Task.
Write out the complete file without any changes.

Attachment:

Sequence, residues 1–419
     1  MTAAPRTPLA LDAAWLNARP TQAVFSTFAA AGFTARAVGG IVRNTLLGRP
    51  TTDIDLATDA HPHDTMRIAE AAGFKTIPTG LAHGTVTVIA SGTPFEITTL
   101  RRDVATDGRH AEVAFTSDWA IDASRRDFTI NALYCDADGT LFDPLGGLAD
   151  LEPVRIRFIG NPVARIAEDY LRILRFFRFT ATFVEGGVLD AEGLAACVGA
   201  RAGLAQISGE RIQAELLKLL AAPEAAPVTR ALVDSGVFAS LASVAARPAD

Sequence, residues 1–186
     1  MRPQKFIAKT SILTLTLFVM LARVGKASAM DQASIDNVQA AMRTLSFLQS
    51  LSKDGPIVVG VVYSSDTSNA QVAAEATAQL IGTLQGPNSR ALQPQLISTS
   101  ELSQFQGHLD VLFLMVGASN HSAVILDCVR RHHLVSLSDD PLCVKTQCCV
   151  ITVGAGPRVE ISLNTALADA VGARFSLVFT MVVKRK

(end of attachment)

Sequence, residues 1–419
     1  MTAAPRTPLA LDAAWLNARP TQAVFSTFAA AGFTARAVGG IVRNTLLGRP
    51  TTDIDLATDA HPHDTMRIAE AAGFKTIPTG LAHGTVTVIA SGTPFEITTL
   101  RRDVATDGRH AEVAFTSDWA IDASRRDFTI NALYCDADGT LFDPLGGLAD
   151  LEPVRIRFIG NPVARIAEDY LRILRFFRFT ATFVEGGVLD AEGLAACVGA
   201  RAGLAQISGE RIQAELLKLL AAPEAAPVTR ALVDSGVFAS LASVAARPAD

Sequence, residues 1–186
     1  MRPQKFIAKT SILTLTLFVM LARVGKASAM DQASIDNVQA AMRTLSFLQS
    51  LSKDGPIVVG VVYSSDTSNA QVAAEATAQL IGTLQGPNSR ALQPQLISTS
   101  ELSQFQGHLD VLFLMVGASN HSAVILDCVR RHHLVSLSDD PLCVKTQCCV
   151  ITVGAGPRVE ISLNTALADA VGARFSLVFT MVVKRK